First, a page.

Brian J. Wilsey focuses on Ecology, Species richness, Species diversity, Species evenness and Biodiversity. His work carried out in the field of Ecology brings together such families of science as Botany and Combinatorics. In his research, Productivity and Grassland is intimately related to Biomass, which falls under the overarching field of Species richness.
He focuses mostly in the field of Species diversity, narrowing it down to matters related to Niche differentiation and, in some cases, Vegetation, Annual plant and Seed dispersal. Brian J. Wilsey focuses mostly in the field of Species evenness, narrowing it down to topics relating to Plant community and, in certain cases, Herbaceous plant. His research brings together the fields of Ecosystem and Biodiversity.
His primary areas of investigation include Ecology, Species diversity, Species richness, Grassland and Biodiversity. Introduced species, Species evenness, Ecosystem, Biomass and Plant community are the primary areas of interest in his Ecology study. His Species diversity study integrates concerns from other disciplines, such as Abundance, Restoration ecology, Quadrat and Extinction.
Within one scientific family, Brian J. Wilsey focuses on topics pertaining to Relative species abundance under Species richness, and may sometimes address concerns connected to Primary production. His Grassland research incorporates themes from Nutrient, Forage, Grazing and Normalized Difference Vegetation Index. His Biodiversity research includes themes of Spatial ecology, Agroforestry and Ecosystem services.
His primary scientific interests are in Ecology, Grassland, Ecosystem, Species diversity and Invasive species. Brian J. Wilsey performs integrative study on Ecology and Geography in his works. He has researched Ecosystem in several fields, including Soil water and Soil carbon.
His study in Species diversity is interdisciplinary in nature, drawing from both Plant community and Species richness. A large part of his Species richness studies is devoted to Species evenness. Growing season is closely connected to Introduced species in his research, which is encompassed under the umbrella topic of Invasive species.
His scientific interests lie mostly in Ecology, Grassland, Ecosystem, Introduced species and Species richness. His work deals with themes such as Abundance, Native plant, Nitrogen cycle and Invasive species, which intersect with Grassland. His Ecosystem research incorporates elements of Biomass and Life history theory.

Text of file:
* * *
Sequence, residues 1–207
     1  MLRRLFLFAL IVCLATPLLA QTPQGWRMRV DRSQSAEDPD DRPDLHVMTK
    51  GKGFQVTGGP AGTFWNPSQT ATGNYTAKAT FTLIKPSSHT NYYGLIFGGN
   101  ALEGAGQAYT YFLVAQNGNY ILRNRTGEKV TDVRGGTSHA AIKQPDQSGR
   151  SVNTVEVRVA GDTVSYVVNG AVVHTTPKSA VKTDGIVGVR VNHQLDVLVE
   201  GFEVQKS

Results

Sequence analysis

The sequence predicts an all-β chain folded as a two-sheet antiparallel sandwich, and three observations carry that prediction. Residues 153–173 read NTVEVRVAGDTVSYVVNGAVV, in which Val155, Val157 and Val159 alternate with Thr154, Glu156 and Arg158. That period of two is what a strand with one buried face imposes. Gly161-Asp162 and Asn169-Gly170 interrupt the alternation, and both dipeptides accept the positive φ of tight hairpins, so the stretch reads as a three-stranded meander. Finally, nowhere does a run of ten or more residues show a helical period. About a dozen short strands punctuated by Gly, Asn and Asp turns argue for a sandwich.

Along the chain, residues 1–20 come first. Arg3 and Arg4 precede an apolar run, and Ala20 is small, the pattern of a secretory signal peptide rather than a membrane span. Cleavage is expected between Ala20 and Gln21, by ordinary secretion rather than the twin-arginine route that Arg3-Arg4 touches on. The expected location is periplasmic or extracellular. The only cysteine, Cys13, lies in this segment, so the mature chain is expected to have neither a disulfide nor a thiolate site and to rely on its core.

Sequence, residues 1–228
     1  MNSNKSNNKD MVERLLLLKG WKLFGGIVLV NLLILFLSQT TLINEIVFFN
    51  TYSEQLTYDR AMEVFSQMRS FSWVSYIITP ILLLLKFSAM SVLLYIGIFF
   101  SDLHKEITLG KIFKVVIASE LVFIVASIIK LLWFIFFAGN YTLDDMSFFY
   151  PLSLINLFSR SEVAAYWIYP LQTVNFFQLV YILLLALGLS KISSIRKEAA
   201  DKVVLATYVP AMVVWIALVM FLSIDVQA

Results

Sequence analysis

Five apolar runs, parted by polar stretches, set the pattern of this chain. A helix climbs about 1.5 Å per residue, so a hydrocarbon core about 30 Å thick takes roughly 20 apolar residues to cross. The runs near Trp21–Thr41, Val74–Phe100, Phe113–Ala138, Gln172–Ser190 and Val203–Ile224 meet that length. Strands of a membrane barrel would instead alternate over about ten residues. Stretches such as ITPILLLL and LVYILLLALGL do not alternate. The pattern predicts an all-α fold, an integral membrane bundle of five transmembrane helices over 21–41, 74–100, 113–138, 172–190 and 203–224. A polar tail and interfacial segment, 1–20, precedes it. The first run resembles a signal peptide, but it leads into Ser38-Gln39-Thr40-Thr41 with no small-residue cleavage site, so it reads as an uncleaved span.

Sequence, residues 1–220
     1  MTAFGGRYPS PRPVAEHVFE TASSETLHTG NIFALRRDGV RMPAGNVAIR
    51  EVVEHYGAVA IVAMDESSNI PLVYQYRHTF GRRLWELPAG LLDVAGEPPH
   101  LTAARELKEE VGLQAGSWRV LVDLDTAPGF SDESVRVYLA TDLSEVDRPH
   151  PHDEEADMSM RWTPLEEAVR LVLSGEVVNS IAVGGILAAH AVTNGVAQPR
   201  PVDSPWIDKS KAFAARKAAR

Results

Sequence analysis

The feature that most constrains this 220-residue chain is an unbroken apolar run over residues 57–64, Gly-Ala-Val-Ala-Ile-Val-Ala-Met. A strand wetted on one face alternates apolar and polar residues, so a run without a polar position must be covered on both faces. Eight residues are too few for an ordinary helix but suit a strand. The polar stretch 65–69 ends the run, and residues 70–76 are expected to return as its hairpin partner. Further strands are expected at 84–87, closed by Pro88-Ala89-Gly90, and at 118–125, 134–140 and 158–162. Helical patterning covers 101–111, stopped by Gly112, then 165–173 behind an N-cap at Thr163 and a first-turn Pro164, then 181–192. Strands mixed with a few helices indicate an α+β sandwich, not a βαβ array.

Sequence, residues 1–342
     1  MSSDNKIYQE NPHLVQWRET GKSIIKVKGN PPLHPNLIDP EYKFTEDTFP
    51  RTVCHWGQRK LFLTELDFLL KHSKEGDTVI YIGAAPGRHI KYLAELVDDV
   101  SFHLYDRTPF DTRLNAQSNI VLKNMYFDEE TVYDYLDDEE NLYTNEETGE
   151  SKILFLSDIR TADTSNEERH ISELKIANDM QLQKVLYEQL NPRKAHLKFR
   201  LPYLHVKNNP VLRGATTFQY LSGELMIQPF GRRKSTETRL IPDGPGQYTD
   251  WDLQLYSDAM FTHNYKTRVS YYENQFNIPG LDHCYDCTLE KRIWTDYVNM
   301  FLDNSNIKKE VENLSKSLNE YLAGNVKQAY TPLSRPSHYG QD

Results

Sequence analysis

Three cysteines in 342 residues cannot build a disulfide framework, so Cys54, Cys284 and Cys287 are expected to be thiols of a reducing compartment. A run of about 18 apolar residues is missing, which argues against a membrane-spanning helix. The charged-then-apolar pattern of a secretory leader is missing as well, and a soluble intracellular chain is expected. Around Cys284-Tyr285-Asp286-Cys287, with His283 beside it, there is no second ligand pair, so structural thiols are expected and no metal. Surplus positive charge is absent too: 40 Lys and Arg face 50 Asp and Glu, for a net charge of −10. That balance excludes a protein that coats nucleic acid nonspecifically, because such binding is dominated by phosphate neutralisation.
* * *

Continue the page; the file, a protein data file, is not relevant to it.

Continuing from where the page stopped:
The Introduced species study which covers Growing season that intersects with Global change, Global warming, Phenology, Climate change and Growing degree-day. His study of Species evenness is a part of Species richness. His Agronomy research focuses on Plant ecology and how it relates to Biodiversity.
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High plant diversity is needed to maintain ecosystem services
Biodiversity increases the resistance of ecosystem productivity to climate extremes
Forest Isbell;Dylan Craven;John Connolly;Michael Loreau.
Empirical Relationships between Species Richness, Evenness, and Proportional Diversity.
The American Naturalist (2001)
BIODIVERSITY AND ECOSYSTEM FUNCTIONING: IMPORTANCE OF SPECIES EVENNESS IN AN OLD FIELD
Biodiversity, productivity and the temporal stability of productivity: patterns and processes.
Forest I. Isbell;H. Wayne Polley;Brian J. Wilsey.
Ecology Letters (2009)
Relationships Among Indices Suggest that Richness Is an Incomplete Surrogate for Grassland Biodiversity
Predicting ecosystem stability from community composition and biodiversity
Claire de Mazancourt;Claire de Mazancourt;Forest Isbell;Forest Isbell;Allen Larocque;Frank Berendse.
Ecology Letters (2013)
An assessment of grassland restoration success using species diversity components
Journal of Applied Ecology (2005)
Fluctuating asymmmetry of birch leaves increases under pollution impact
Journal of Applied Ecology (1996)
Multiple facets of biodiversity drive the diversity–stability relationship
Dylan Craven;Nico Eisenhauer;William D. Pearse;Yann Hautier.
Nature Ecology and Evolution (2018)
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